The Wall Street Journal:
Successful democratic revolutions tend to have iconic figures: Think of Nelson Mandela in South Africa, Vaclav Havel in Czechoslovakia, Lech Walesa in Poland and Viktor Yushchenko in Ukraine. These men not only led their movements to victory but also, through their personal suffering, become emblems of the suffering of their people.
In Iran, the iconic figure is Akbar Ganji, who on Friday was released from Tehran's Evin prison after serving a six-year sentence. Mr. Ganji first incurred the regime's wrath when, as a journalist in the late 1990s, he implicated former president Ali Akbar Hashemi Rafsanjani in the killing of dozens of opposition figures. From prison, which Mr. Ganji mainly spent in solitary confinement, he also wrote his "Republican Manifesto" calling for an end to clerical rule. That manifesto has become a bible of sorts to Iranian opposition groups, especially the politically potent student movement.
Last year, Mr. Ganji went on a three-month hunger strike, which nearly killed him but also brought international attention to his plight. In the end, the authorities were forced to keep him alive -- an implicit admission that the conscience and will of a single man could compel the regime's surrender. Now Mr. Ganji's wife speculates that the clerics want nothing more than to put the case behind them, in the hope that his influence will wane with the memory of his near-martyrdom.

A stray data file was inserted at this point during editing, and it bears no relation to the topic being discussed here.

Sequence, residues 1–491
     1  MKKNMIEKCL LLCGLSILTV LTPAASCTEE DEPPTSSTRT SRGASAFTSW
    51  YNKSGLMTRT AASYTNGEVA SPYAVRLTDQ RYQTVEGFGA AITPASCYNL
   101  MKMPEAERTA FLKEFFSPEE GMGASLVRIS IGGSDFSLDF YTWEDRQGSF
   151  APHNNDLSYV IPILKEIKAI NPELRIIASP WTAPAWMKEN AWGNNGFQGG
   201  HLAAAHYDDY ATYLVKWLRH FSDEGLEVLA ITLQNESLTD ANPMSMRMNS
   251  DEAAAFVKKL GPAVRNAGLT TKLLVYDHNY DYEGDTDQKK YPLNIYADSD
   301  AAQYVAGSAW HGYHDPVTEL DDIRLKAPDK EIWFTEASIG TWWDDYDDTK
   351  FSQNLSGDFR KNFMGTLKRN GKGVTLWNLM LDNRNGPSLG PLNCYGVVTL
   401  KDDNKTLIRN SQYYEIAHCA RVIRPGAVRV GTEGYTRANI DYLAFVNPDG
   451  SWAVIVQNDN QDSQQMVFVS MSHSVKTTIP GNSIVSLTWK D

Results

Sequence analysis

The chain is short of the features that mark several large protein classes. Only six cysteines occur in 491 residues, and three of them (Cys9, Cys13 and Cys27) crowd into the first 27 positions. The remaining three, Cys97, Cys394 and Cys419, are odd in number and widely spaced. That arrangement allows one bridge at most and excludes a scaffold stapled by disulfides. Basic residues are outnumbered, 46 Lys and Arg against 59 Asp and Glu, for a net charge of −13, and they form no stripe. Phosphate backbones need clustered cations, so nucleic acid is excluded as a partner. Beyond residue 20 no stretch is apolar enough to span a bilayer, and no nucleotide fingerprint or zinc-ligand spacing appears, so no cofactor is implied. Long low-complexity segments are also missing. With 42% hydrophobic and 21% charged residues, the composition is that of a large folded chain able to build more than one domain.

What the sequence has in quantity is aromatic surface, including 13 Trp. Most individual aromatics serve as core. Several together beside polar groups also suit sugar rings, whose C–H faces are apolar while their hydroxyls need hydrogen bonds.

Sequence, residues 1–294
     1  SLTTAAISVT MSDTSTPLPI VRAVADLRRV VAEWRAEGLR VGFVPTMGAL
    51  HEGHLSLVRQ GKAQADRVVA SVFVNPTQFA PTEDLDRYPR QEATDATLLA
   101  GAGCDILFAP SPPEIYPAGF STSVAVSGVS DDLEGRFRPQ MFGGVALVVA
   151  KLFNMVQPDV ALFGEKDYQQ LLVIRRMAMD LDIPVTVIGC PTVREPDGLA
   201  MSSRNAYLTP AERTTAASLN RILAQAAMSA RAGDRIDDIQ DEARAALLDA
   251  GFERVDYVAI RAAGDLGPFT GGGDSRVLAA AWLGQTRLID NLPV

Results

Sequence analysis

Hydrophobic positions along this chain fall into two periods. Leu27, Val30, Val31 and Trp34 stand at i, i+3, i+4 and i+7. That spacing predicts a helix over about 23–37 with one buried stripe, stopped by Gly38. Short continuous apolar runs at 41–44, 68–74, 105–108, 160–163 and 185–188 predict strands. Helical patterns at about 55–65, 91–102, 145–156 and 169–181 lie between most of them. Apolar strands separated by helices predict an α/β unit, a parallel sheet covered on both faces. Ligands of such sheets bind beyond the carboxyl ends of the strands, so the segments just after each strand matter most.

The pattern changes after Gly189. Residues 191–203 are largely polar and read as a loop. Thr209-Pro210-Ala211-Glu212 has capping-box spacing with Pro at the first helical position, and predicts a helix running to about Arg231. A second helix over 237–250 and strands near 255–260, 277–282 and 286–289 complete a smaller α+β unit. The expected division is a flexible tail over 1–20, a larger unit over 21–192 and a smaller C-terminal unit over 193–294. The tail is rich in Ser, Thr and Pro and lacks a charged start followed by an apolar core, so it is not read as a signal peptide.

They shouldn't count on it. "My views have not changed at all," a rail-thin but still defiant Mr. Ganji said upon his release. "Jail and pressures never forced me to change my views. Today, I'm more determined to say what I said six years ago."
Iranians will be listening. So should we.